When you think about aloe vera, your mind probably immediately goes to burn relief, specifically sunburns. Loads of products exist on the market with aloe vera as a critical ingredient for soothing, calming, and healing skin in addition to burns, like “cool down, hydrating after sun” gels and creams, for instance.
But what else is aloe vera good for, besides being a useful houseplant? The answer? Aloe vera can be used for a few things you might not have considered before. Let’s get into it.
What We Know About Aloe Vera
Aloe vera is known as a medicinal plant, as we know, as each plant holds a wealth of gel and juice used for several purposes. Plant enthusiasts and aloe vera pros agree that in order to yield a higher concentration of the active ingredients contained in the aloe vera plant, you should harvest a plant that’s a few years old.
We’ve already touched on the fact that “after sun” gels and creams are all the rage among outdoorsy areas, but there are more ways to utilize the substance. For instance, it’s typically safe to use the aloe vera directly from the plant or to buy and use freshly harvested gel. Different gels, creams, and ointments contain the transparent gel of the aloe vera plant, and the various products are applied topically to treat skin irritation, burns, etc.
In addition to topical products, you can find internal aloe products, like liquid and capsules, to promote overall health and well-being.
Aloe Vera and Burns
The number one use (and most well-known as we’ve touched on before) for aloe vera is to heal burns, typically sunburns, but with more evidence pointing toward wound healing due to extreme burns. It’s a well-known fact that aloe vera has soothing, moisturizing, and cooling properties, which is why it has a reputation as a burn relief substance. Plus, aloe vera in all its forms is pretty inexpensive, making it easily obtainable and readily available.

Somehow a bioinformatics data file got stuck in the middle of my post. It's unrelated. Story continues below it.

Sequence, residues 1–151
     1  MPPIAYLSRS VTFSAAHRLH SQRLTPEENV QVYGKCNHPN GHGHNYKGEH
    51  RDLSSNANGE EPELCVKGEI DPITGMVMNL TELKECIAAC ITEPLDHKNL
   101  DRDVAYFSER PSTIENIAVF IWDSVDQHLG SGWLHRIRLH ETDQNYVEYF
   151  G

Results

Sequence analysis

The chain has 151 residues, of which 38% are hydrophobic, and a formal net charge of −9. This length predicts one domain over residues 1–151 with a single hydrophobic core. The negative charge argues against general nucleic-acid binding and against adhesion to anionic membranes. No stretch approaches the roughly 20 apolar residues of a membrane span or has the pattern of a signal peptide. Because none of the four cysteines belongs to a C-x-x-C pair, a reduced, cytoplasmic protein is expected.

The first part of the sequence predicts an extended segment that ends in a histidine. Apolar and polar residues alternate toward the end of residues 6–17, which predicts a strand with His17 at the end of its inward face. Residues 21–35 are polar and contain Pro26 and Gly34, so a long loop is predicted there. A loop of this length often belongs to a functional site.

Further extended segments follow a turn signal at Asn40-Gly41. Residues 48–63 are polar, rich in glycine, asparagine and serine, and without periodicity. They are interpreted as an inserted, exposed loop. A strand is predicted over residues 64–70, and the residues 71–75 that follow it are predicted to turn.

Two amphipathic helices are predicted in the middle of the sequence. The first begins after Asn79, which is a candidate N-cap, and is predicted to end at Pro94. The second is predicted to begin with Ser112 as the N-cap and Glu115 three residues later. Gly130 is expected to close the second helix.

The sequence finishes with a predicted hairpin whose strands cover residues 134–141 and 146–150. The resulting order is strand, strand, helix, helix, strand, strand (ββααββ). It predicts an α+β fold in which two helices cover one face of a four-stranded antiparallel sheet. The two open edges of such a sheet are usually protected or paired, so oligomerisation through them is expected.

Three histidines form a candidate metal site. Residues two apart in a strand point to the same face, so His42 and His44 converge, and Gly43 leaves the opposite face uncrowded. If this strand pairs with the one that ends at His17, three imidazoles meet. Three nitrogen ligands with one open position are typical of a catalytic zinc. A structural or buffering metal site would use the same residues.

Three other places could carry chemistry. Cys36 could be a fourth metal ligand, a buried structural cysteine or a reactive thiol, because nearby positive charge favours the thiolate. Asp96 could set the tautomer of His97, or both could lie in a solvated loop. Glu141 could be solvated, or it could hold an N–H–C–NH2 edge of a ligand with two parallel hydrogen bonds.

Of course, you should consult with a medical professional before using anything on a severe burn wound. Still, if it comes to treating sunburns or mild common burns, you can feel confident applying aloe vera a few times daily to the affected area.
Aloe Vera and Digestive Health
We mentioned that you could find ingestible capsules or liquids that promote well-being, right? Well, a big part of that is in your digestive health. If you suffer from regular stomach aches, discomfort, or even irritable bowel syndrome, you might benefit significantly from taking aloe vera in some form or fashion. (Check this source!)
The research supporting this train of thought is ongoing, but the results are promising.
Safety note: Keep in mind that you shouldn’t ingest just any plant, even other aloe plants, as they can be poisonous. The notion of consuming any sort of aloe plant only refers to the aloe vera plant.
Aloe Vera and Oral Health
In 2017, studies showed a positive correlation between aloe vera, dental hygiene, and reducing gingivitis inflammation and plaque. In this study, subjects were to use the aloe vera toothpaste as they would normally (meaning, twice daily). There were no adverse side effects with overall general improvements to the subject’s oral health being the primary finding. That’s pretty neat for the group of people suffering from poor dental health in part due to genetics.